Wednesday night as we waited for Australia to start, my sisters and I discussed men. Mary’s marriage imploded earlier this year, and Karen is now much less starry-eyed at the prospect of love and romance than Mary and I were when we were nineteen. Karen asked us how she could ever know if it was the right thing to marry someone. How do you know they won’t hurt you as my sister has been hurt?
Of course you can’t know.
Dick could turn out to be a mass murderer tomorrow, and I would be the last person to know.
Not really. I keep pretty close tabs on that boy.
As I’ve told my sisters before, I knew that I had to marry Dick. That he was it. When he got cold feet after we’d been engaged for about a month (remember this is also just a month after we met), I felt that my life was over, and not just in a Twilight “I love you even though you’re a vampire and sometimes want to eat me” sort of way.
Basically, I said, Dick is my evidence that there is a God and that He cares about me.
Mary turned to Karen and said, “You’d think she’d treat him better, then.”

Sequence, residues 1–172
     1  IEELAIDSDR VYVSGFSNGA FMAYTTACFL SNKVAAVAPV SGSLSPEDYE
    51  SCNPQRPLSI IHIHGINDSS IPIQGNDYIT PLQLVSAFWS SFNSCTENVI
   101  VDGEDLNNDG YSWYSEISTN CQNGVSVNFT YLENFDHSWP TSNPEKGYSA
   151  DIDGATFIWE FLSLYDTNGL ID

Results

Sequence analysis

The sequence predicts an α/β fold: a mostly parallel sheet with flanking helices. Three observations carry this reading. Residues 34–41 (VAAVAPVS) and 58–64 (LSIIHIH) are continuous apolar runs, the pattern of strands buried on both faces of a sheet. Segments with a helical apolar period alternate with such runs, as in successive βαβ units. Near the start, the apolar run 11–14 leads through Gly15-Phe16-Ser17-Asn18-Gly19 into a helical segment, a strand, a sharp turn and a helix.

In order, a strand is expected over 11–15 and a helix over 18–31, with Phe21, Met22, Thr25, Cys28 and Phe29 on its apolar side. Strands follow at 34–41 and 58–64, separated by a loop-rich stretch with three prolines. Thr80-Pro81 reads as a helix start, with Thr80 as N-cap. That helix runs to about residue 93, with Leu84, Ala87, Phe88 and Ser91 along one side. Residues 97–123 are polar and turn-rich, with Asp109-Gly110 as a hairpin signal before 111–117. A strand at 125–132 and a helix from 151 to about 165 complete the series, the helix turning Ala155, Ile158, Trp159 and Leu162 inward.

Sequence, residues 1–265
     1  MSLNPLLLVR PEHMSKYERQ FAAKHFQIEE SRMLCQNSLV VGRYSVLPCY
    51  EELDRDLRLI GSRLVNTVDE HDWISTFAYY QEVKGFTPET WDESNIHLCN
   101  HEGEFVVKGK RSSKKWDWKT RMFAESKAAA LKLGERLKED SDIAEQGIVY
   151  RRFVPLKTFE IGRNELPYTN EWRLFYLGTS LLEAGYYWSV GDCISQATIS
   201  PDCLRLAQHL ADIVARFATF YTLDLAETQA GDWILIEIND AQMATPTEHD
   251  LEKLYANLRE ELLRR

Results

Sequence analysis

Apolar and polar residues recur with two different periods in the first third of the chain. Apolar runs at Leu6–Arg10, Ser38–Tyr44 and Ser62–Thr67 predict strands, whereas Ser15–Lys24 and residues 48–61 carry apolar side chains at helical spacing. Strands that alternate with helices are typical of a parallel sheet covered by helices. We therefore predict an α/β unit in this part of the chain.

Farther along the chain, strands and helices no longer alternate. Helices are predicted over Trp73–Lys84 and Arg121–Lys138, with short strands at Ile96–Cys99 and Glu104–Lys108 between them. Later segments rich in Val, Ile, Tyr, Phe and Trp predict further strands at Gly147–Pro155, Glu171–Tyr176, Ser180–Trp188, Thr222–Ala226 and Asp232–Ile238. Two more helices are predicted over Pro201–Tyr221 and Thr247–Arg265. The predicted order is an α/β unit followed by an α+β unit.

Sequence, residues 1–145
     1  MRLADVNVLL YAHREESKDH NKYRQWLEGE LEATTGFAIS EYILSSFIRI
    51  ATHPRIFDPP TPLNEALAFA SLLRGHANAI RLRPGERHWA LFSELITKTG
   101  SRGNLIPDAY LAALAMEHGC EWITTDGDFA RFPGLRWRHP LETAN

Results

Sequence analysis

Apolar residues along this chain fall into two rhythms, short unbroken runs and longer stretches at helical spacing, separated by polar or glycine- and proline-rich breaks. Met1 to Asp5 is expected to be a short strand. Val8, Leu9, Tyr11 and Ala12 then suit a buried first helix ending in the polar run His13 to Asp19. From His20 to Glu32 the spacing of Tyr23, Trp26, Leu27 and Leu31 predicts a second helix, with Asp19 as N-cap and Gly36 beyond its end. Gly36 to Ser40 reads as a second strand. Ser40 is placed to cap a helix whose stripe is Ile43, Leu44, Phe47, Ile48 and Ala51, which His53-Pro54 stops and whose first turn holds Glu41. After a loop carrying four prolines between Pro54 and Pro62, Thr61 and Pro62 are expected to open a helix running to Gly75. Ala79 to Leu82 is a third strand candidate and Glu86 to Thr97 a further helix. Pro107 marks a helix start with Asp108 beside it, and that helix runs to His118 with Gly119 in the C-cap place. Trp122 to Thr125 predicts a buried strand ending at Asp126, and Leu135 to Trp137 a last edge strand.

What? I treat Dick JUST FINE.
Maybe sometimes I get exasperated by Dick’s always dwelling in the land of never-never. In the kitchen, making mincemeat pie with his dad for Thanksgiving, Dick reminds me of Anne of Green Gables, who is always so busy daydreaming she forgets to add flour.
Sometimes I can’t revel in the nice things Dick does (like taking the kids home for bed while I see a movie with my sisters) because the next morning he brings them back to my parents looking like raggedy orphans.
You know how they say that in order to counteract one criticism you have to give seven compliments? It’s like that. Dick does or says one irritating thing, and suddenly the five or six thoughtful things he did just don’t quite make up for it.
Well, today he did one small thing that I think is the nicest thing anyone has ever done for me.
I called him early to remind him to bring me fresh clothes and my glasses, and he told me how Susan, after snuggling with him in our bed this morning, had a little accident. We are not amused, Susan. You can’t just go an entire year accident-free and then have three accidents in two days, including one in MY BED.
Dick got a bit impatient with the long list of things I needed from the house. And the butter and ice cream and bacon I needed from the store. He may even have snapped when I suggested he get a pen and paper to write this all down. Wasn’t I sympathetic that he had to FIND THE BAKING SODA and THROW THE SHEETS DOWN TO THE LAUNDRY ROOM?
So finally he made it to my parents. He told me where everything on my list was, and then he said, “I brought you a Mountain Dew.”
That he would think of this on his own, and actually remember it and try to shrug it off as “they were just sitting there right by the door to the garage” —
I don’t even know how many irritating things that counteracts, Dick. Maybe a million.